At the final meeting of her Cabinet, a revived Iron Lady told members, during a coffee break, that “on no account must Heseltine be elected”
The sixth piece in a ConHome series this week on the Prime Minister’s Reset Moment – and what should follow from it.
Furthermore, increasing global tensions make improving our defence capabilities essential.
The final part of a mini-series of three articles on obesity policy for ConservativeHome this week.
Plus: virtual conferences are the way of the future. America’s vice-presidential debate worked. And: Fox deserved better from his WTO campaign.
As her Lord Chancellor, I would have resigned if she had brought forward such proposals (which she wouldn’t have done anyway).
Plus: Deteriorating broadsheet standards, a divided United Kingdom. And: nineteen years on from 9/11.
The Cabinet Office’s Review will ask complex questions about its purpose. But a straightforward one may be the place to start.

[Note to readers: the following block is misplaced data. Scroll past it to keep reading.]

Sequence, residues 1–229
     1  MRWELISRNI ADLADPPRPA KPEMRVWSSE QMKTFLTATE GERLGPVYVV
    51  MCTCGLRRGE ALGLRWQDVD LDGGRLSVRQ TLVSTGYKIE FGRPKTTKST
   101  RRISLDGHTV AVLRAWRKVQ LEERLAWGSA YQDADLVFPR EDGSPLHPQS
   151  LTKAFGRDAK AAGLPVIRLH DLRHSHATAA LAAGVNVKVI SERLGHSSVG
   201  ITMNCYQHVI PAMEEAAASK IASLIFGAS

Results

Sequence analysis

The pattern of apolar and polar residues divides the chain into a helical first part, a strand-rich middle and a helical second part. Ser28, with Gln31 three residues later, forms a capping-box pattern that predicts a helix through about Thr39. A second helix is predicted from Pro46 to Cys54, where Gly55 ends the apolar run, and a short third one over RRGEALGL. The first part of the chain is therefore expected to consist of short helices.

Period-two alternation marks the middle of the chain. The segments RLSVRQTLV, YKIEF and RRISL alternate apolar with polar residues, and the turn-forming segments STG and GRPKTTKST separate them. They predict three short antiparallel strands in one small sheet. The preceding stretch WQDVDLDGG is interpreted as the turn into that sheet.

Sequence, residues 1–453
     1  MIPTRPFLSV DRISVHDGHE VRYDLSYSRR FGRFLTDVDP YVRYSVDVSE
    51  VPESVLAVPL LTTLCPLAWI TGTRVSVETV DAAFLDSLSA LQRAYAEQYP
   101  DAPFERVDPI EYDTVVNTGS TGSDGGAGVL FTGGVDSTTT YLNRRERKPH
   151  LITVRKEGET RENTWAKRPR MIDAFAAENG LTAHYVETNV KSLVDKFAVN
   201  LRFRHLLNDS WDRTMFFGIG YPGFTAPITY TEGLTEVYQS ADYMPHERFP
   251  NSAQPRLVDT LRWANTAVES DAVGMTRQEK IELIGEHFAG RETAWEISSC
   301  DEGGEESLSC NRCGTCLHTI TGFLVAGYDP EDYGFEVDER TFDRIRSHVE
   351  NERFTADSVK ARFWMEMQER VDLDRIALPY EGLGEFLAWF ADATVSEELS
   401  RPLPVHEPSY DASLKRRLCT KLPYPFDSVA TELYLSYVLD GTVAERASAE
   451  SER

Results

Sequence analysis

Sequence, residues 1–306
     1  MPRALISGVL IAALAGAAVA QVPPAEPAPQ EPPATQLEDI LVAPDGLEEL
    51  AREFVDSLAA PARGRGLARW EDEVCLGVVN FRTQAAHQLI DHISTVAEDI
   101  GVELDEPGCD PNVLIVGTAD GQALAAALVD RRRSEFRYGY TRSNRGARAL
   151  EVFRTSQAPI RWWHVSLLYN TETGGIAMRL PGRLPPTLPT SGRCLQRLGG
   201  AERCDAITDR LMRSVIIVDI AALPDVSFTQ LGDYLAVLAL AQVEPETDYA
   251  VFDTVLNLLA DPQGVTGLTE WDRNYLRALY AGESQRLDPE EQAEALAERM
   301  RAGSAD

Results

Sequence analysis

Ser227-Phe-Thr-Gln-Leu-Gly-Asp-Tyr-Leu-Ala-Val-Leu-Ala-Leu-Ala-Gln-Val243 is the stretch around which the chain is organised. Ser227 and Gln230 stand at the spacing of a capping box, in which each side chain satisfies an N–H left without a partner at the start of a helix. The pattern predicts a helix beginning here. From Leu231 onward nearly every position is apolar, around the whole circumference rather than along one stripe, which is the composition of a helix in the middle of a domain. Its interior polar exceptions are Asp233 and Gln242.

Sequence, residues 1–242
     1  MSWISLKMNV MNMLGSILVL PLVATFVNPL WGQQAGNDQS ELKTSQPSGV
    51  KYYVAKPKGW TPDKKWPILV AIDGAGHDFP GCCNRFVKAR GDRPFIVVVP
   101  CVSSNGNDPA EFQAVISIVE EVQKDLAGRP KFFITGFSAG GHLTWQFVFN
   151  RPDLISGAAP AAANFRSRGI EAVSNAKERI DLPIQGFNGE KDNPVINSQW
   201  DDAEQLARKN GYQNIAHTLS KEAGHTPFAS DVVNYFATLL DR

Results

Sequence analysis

The overhaul of the civil service continues with a new (and notably less Eurocentric) head of the Foreign, Commonwealth and Development Office.
For the Party to take it off him is one thing; for the Government to recast the committee, or try to, would be quite another.
From my spot on the Domestic Abuse committee, I saw just how much this Government wants to champion the rights of those who have been victimised.
Our electoral success has rested in large measure on an ability and willingness to adapt to the realities of social and economic change.
Some of its problems can be fixed. Others won’t be. And one perhaps can’t be: namely, that this Parliament seems to be incapable of saying No.
John Major’s efforts in the Nineties, part-reversed by Blair, seem almost designed to give the market a bad name. There is an alternative.
Those who argue that the virus isn’t a serious problem and that the lockdown was unnecessary have more brains than sense.